Two suction rolls at the first press section of a 25 ft. wide paper machine developed cracks within two years of service. The rolls were austenitic stainless steel castings made of ASTM A 351 Grade CF8M alloy containing molybdenum. The rolls were exposed to slightly acidic white water (pH approximately 4.7) containing chlorides (45 ppm). Visual and liquid penetrant inspections of the rolls revealed extensive cracking at the roll inside surface. The cracks penetrated more than 30 percent of the wall thickness and a few cracks were several inches long. The cracks were preferentially oriented along the roll length and primarily at the roll inside surface. Field metallographic examination showed significant grain boundary chromium-carbide precipitation and intergranular corrosion. The roll failures were attributed to chromium depletion along the grain boundaries (sensitization) resulting from slow cooling of the casting to avoid large residual stresses. The roll manufacturer recommended a proprietary ferritic/austenitic stainless steel as the replacement material for the rolls.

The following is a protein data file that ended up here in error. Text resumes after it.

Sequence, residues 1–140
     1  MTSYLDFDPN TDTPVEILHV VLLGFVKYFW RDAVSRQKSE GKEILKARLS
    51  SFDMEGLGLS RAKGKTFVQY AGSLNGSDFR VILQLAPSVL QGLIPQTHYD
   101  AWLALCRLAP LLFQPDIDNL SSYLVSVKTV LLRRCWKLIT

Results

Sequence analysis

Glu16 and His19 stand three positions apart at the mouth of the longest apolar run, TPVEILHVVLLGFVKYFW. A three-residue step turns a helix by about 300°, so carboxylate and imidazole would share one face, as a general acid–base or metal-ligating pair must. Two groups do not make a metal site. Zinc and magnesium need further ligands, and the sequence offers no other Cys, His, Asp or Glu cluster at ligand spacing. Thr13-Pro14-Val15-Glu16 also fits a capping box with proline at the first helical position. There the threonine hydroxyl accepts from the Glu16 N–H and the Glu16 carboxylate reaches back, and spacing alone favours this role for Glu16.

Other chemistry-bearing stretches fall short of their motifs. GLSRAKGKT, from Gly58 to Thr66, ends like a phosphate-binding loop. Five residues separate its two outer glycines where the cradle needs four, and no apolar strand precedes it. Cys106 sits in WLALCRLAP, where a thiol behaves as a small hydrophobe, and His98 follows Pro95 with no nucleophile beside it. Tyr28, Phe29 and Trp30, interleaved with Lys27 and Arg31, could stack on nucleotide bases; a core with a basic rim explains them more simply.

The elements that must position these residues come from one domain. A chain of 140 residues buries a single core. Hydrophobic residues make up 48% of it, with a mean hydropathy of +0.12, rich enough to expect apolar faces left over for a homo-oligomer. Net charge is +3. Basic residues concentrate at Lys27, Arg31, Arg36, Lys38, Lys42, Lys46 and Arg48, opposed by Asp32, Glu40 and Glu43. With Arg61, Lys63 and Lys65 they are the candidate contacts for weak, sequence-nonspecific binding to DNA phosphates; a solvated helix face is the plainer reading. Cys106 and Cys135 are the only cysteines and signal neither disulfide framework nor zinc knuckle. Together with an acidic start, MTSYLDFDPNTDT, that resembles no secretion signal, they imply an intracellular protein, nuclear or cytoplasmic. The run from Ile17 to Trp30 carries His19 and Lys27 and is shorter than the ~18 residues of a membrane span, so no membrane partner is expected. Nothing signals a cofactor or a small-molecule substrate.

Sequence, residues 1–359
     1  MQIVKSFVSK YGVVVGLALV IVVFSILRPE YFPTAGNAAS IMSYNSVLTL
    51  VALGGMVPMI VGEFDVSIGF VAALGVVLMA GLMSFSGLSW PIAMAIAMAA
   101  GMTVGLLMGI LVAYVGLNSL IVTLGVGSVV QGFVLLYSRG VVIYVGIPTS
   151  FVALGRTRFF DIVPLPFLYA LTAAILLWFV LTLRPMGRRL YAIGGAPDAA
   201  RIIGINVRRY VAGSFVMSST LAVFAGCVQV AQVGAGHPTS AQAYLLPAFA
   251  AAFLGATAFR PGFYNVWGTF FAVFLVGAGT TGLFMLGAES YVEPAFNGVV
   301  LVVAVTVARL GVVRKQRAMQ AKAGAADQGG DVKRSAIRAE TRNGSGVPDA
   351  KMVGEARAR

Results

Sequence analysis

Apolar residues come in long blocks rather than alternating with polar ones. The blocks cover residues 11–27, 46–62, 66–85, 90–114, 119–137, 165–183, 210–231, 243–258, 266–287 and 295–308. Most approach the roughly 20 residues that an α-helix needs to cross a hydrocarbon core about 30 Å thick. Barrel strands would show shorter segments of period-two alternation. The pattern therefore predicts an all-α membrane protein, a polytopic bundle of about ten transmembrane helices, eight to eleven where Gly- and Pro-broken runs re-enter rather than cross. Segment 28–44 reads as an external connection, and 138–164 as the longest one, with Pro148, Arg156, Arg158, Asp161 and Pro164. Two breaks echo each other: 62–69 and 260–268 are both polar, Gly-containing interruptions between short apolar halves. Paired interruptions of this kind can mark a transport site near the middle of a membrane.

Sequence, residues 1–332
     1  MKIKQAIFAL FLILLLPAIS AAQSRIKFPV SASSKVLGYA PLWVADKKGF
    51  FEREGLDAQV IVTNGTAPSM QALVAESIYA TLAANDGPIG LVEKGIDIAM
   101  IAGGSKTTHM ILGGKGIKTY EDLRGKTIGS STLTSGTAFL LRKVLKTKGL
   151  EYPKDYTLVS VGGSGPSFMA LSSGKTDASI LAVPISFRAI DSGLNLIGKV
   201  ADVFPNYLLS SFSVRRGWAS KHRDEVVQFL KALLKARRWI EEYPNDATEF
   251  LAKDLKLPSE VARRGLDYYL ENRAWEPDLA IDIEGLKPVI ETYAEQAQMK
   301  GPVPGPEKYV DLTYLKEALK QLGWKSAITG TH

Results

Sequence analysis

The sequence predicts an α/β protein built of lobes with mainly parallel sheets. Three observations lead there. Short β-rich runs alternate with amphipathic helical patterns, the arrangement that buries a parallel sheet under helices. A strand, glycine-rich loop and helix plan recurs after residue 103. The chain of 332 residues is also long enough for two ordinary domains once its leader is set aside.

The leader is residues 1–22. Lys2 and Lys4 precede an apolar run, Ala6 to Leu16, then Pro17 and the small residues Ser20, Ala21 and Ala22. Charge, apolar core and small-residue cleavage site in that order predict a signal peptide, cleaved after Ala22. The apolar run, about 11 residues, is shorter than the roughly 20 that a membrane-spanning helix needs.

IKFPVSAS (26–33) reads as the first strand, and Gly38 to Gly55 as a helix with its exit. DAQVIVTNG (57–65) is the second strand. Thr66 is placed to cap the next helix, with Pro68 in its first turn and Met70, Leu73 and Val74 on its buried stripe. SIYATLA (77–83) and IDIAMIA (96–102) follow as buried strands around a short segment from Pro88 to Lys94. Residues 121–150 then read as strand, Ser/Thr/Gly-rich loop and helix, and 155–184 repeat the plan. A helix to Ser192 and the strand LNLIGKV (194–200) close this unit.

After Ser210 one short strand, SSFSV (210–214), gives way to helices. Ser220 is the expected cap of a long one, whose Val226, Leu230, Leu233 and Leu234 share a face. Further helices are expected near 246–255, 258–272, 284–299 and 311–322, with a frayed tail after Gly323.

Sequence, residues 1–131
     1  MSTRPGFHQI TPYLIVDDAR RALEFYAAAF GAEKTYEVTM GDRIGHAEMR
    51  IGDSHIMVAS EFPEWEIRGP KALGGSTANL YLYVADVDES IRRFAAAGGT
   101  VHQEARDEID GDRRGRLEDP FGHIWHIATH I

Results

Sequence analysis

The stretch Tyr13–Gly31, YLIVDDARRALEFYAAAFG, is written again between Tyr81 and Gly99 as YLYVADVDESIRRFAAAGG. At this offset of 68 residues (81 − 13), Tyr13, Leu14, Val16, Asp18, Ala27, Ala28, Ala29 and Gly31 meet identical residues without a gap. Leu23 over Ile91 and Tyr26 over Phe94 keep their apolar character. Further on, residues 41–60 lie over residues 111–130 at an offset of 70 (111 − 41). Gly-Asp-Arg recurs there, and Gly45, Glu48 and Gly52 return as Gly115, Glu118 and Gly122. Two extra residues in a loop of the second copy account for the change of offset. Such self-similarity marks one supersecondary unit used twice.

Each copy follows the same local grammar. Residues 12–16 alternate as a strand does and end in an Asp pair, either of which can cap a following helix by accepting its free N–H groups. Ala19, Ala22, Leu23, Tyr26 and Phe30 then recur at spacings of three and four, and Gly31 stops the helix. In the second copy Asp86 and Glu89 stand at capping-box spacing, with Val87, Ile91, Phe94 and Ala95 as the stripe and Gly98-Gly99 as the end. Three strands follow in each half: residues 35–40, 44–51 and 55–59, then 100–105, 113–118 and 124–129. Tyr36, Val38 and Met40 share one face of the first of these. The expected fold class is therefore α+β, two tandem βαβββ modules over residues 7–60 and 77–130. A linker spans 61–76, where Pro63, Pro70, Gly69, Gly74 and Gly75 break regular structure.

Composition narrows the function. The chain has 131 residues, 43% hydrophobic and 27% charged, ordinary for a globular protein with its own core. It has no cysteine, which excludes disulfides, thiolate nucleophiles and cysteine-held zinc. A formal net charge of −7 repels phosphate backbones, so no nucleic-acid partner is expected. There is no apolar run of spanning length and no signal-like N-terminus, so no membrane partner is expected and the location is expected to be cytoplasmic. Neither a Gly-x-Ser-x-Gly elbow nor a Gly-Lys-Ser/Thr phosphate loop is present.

D. G. Chakrapani, Cracking of Stainless Steel Suction Roll in a Paper Machine, ASM Failure Analysis Case Histories: Pulp and Paper Processing Equipment, ASM International, 2019, https://doi.org/10.31399/asm.fach.pulp.c9001568
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